Why I still report bugs
The quiet reality of bug reports that I haven't mentioned so far is that when one of my bug report goes well, it's an amazingly good feeling. When I find a bug, isolate it, maybe peer into the code to identify the cause, file a report, and have the project authors say 'that's a nice find and a good analysis', that's a real rush. It's not even so much that I may get a fix for my issue; it's very much also that I have reached into the depths of a mystery and come out with the right answer. It's even better when it helps other people (both in the future and sometimes right away). This is bug reports as the culmination of debugging, and successful debugging itself is a rush of puzzle solving and a victory over a hard problem.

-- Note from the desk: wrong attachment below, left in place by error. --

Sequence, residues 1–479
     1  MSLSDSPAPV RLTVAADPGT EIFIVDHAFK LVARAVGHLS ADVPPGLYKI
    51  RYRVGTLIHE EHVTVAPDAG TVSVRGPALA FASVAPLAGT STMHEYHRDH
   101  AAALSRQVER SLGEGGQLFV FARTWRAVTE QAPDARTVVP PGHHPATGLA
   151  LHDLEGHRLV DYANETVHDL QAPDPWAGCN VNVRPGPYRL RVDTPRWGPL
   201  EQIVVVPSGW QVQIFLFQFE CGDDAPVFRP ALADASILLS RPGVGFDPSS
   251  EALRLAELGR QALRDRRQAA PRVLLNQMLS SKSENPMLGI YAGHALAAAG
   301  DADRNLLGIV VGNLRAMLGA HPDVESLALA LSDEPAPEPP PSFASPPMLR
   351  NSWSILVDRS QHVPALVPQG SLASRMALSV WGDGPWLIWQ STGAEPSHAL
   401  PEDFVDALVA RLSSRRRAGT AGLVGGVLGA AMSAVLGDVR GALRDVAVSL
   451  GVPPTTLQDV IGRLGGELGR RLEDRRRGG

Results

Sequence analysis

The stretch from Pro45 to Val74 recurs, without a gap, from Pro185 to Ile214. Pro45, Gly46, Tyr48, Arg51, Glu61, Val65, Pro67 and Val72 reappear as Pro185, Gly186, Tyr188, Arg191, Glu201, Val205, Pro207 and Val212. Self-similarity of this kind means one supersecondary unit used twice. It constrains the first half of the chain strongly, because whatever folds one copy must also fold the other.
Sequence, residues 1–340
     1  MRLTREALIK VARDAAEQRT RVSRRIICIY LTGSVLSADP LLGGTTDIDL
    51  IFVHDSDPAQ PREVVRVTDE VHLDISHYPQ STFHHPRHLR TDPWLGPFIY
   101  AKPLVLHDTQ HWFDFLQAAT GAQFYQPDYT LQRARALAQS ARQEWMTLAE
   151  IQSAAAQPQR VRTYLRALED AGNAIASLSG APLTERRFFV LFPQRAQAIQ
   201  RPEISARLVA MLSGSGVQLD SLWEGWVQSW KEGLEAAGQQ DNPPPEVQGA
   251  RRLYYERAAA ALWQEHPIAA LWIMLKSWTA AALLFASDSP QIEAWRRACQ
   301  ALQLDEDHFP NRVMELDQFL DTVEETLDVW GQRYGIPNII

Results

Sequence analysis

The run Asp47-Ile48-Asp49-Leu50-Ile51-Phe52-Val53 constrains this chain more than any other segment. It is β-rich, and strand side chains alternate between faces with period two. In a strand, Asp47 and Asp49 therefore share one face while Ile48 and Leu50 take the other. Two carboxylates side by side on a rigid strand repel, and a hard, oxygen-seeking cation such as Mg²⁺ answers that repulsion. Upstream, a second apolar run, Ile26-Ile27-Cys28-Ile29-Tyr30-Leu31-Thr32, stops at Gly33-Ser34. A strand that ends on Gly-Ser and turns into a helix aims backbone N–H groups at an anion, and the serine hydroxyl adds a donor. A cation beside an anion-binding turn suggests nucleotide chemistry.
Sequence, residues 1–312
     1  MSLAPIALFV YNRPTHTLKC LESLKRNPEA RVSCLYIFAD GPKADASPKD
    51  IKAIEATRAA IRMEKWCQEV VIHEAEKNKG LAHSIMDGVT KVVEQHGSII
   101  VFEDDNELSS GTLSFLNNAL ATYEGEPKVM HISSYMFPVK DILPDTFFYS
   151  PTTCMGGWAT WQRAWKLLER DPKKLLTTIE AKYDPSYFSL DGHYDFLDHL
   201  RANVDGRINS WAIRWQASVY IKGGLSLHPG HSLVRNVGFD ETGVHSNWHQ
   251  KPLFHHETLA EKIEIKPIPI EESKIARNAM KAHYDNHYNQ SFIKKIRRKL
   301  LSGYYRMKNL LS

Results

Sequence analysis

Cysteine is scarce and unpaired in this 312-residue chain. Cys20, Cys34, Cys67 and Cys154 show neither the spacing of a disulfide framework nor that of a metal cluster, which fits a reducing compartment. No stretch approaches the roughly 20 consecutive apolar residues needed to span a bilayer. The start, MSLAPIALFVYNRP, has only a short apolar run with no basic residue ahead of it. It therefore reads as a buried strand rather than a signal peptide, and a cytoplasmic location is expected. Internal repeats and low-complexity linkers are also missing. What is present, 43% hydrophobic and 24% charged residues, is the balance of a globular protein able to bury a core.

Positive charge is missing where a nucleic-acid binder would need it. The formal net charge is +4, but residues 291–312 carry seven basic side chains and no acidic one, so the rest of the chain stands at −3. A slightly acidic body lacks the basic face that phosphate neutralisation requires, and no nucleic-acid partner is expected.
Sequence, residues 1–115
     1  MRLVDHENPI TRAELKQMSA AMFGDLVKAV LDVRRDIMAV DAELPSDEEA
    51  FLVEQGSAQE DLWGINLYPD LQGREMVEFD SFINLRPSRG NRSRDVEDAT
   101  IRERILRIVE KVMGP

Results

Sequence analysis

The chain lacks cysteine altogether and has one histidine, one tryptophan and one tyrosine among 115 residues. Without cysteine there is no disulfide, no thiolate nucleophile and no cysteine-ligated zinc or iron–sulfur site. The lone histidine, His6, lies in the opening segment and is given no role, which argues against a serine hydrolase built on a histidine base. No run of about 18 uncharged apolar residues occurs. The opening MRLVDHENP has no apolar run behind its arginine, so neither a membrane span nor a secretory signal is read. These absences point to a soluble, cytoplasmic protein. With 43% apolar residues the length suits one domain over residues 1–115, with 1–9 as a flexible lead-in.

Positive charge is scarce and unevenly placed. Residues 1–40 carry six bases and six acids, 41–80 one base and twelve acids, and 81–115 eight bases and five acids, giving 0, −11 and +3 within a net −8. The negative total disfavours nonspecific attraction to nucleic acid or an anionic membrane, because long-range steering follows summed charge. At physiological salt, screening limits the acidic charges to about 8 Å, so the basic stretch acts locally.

(It's equally a good feeling, although a somewhat different one, when I file a carefully reasoned bug report in favour of something that the software doesn't currently do and I wind up bringing the project people around to my views.)
More than anything else, this is the feeling that keeps me filing bug reports with hospitable projects. It is the feeling that makes bug reports into something other than grinding work and that makes me proud to have written a good report.
I'm often down on bug reporting because I don't have this experience with bug reporting very often. But neither I nor anyone else should forget that bug reporting can feel good too. It's probably not a small part of why we're all willing to keep making those reports, and I don't want to lose sight of it.
(It's easier to remember the negative bug reporting experiences than the powerfully positive ones, partly because humans have very good memories for the negative.)
(As you might guess, this entry was sparked by the experience of recently filing a couple of good bug reports.)